The SCED pilot has been very close to my heart and it has given immense satisfaction to everyone in the sector, especially to POSOCO, with its excellent results and insights. It is for the first time that algorithmic optimisation has been attempted on such a large scale in the power sector. The results, learning, challenges and the way forward have been documented in POSOCO’s report available on the website. The SCED has facilitated the economy at a national level by generating savings of Rs 20 million-Rs 30 million per day in despatch of the participating generators. The average variable cost of generation has reduced by about 3 paise per unit, from 206 paise to 203 paise.

It has also resulted in ease of operations for generators in terms of reduction in the number of changes in schedule. The SCED has highlighted the need for flexibility in terms of reduction of the technical minimum from 55 per cent for costlier generators, especially considering the increasing renewable energy penetration. The SCED pilot has, therefore, been extended by the Central Electricity Regulatory Commission and its scope has been broadened to include private/merchant generators and state generators.

How will the recently commissioned REMCs aid the NLDC and SLDCs in forecasting and scheduling?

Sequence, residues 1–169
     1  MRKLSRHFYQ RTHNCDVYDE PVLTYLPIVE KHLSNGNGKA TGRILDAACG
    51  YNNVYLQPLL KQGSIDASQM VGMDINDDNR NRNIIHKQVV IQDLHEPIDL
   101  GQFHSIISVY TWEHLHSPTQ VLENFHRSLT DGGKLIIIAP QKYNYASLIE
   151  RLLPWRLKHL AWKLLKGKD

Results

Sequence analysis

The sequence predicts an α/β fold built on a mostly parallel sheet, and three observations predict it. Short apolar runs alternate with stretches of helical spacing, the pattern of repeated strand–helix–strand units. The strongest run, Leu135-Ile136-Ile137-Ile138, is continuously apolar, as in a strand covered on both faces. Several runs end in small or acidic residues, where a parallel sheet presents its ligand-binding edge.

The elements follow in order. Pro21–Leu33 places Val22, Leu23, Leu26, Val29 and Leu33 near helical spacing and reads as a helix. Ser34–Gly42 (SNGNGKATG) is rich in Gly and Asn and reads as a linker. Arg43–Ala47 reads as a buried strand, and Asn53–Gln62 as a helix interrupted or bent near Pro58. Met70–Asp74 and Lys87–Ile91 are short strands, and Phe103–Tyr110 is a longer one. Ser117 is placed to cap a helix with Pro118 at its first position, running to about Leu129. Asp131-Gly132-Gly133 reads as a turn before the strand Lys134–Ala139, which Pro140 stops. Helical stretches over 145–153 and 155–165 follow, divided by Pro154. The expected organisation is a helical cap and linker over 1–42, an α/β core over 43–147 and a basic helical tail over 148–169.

Recently, the power minister has inaugurated 11 REMCs in seven renewable-rich states and RLDCs/NLDC. RLDCs have started to utilise various functionalities of REMCs. There are three forecast service providers (FSPs) and one internal forecasting tool for effectively forecasting renewable generation. Internal forecasting tools will be used to produce a reference prediction of power generation in parallel with the external forecast provided by FSPs. Based on multiple inputs, the forecasting module will generate output through an optimal combination of all available forecasts from multiple FSPs as well as internal forecasting module output. Apart from forecasting, REMCs will be of immense help in focused monitoring of renewable plants through functions such as communication, real-time telemetry, network topology, weather parameters, monitoring of available capacity, compliance with the CEA Technical Standards of Connectivity Regulations, and curtailments, thereby enabling better integration of renewable energy. The Government of India has already approved the setting up of a new REMC in Telangana.